On 29 August, the Algerian government officially announced that Safia together with daughter Ayesha and sons Muhammad and Hannibal, had crossed into Algeria early on Monday 29 August.[319][320]An Algerian Foreign Ministry official said all the people in the convoy were now in Algiers, and that none of them had been named in warrants issued by the International Criminal Court for possible war crimes charges. Mourad Benmehidi, the Algerian permanent representative to the United Nations, later confirmed the details of the statement. The family had arrived at a Sahara desert entry point, in a Mercedes and a bus at 8:45 am local time. The exact number of people in the party was unconfirmed, but there were “many children” and they did not include Colonel Gaddafi. Resultantly the group was allowed in on humanitarian grounds, and the Algerian government had since informed the head of the Libyan National Transitional Council, who had made no official request for their return.[321]

Honorary qualifications

Gaddafi held an honorary degree from Megatrend University in Belgrade, conferred on him by former Yugoslavian president Zoran Lilić.[322]

Personal wealth

Italian companies had a strong foothold in Libya. Italy buys a quarter of Libya’s oil and 15% of its natural gas. The LIA owned significant shares in Italy’s Eni oil corporation, FiatUniCredit bank, andFinmeccanica.[323] In January 2002 Gaddafi purchased a 7.5% share of Italian football club Juventus for US$21 million, through the Libyan Arab Foreign Investment Company.[324] This followed a long-standing association with Italian industrialist Gianni Agnelli and car manufacturer Fiat.[325]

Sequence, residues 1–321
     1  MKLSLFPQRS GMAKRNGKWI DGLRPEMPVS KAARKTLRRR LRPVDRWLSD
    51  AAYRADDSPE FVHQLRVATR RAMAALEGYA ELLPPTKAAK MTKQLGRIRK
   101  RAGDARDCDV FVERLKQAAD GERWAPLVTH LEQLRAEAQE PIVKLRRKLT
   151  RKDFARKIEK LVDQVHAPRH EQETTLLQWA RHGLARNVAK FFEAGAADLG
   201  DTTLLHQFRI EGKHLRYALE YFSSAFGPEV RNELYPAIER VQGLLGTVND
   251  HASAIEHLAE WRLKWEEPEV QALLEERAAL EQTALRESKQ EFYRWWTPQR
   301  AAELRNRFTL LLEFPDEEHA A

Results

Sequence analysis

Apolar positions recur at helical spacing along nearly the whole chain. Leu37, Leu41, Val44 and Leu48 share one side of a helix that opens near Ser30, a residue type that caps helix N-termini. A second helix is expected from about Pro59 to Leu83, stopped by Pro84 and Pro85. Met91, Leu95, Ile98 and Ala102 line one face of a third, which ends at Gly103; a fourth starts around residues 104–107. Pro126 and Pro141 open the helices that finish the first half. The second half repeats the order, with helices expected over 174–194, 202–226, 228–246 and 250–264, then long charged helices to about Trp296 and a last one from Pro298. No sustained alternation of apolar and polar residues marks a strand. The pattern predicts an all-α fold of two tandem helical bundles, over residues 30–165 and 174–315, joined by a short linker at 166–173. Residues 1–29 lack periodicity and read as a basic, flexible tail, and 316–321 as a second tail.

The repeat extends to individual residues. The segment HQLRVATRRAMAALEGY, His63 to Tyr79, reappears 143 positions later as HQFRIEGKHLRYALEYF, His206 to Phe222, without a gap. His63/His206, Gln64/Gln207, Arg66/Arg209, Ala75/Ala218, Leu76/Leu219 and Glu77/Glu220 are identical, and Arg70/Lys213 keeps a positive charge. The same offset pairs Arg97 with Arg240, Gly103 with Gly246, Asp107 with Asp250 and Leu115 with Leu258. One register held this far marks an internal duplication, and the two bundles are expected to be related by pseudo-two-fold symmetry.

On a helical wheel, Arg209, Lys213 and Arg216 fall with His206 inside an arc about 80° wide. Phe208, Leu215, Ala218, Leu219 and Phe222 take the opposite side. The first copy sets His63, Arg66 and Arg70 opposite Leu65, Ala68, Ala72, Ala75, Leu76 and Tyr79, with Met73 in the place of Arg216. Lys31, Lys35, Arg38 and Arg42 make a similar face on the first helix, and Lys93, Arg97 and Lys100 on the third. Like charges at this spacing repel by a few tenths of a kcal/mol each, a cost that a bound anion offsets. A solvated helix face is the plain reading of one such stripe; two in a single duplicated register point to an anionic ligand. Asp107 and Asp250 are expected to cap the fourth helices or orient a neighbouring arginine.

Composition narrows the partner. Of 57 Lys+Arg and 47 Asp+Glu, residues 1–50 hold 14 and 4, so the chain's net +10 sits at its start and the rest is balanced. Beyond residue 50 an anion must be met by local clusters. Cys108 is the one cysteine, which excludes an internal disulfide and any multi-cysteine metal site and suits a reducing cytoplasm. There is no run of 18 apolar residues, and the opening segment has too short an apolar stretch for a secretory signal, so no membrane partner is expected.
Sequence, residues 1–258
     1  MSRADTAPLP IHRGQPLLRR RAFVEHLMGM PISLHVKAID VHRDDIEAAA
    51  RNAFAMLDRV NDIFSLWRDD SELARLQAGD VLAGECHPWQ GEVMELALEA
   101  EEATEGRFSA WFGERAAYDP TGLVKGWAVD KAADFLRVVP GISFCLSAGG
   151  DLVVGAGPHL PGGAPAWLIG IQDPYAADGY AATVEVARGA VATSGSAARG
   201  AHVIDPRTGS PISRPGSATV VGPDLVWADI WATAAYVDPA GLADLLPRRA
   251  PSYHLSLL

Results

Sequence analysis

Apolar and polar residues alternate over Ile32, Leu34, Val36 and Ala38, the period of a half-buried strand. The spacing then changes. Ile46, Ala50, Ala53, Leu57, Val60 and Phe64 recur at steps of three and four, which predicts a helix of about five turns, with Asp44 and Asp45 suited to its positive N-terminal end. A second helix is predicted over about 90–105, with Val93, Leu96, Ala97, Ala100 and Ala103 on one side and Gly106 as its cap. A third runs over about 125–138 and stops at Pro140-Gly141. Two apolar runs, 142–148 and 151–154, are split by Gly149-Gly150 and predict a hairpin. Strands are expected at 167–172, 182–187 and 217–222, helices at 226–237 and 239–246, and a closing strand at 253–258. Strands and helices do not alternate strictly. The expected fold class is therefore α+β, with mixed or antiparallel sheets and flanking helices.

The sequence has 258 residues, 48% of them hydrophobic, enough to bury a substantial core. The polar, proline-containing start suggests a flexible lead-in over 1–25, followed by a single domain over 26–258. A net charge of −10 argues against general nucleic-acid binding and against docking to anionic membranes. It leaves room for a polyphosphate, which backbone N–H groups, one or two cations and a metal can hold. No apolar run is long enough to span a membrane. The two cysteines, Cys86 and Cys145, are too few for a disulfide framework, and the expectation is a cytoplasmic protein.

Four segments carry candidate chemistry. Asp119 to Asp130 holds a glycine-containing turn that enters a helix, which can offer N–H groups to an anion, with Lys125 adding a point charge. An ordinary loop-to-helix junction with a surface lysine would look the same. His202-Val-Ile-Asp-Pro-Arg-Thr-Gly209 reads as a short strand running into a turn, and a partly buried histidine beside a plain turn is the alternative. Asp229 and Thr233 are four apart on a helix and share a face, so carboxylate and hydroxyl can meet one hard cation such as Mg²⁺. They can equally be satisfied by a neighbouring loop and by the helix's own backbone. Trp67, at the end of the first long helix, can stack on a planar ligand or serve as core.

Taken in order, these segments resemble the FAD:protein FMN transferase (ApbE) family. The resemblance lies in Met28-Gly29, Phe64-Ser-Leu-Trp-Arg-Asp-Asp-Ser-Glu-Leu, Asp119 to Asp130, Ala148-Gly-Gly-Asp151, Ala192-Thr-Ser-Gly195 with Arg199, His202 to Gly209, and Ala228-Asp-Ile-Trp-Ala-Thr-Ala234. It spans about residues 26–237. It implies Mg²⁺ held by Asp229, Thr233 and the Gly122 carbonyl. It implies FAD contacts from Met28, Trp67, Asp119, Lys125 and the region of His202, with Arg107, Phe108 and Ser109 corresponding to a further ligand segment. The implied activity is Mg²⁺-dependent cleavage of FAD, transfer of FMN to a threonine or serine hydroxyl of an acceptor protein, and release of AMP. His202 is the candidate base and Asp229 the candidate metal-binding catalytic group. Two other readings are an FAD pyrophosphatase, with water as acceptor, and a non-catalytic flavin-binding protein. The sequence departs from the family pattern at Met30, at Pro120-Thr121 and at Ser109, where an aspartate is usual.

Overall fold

On 25 February 2011 Britain’s Treasury set up a specialised unit to trace Gaddafi’s assets in Britain.[323] Gaddafi allegedly worked for years with Swiss banks to launder international banking transactions.[74]

Gaddafi had an Airbus A340 private jet, which he bought from Prince Al-Waleed bin Talal of Saudi Arabia for $120 million in 2003.[326] Operated by Tripoli based Afriqiyah Airways, and decorated externally in their colours, it was used in 2009 to repatriate Lockerbie bomber Abdul Baset Ali al-Megrahi, on his licensed release from prison in Scotland. The plane was captured at Tripoli airport in August 2011 as a result of the Libyan civil war, and found by BBC News reporter John Simpson to contain various luxuries including a jacuzzi.[327][328]

Titles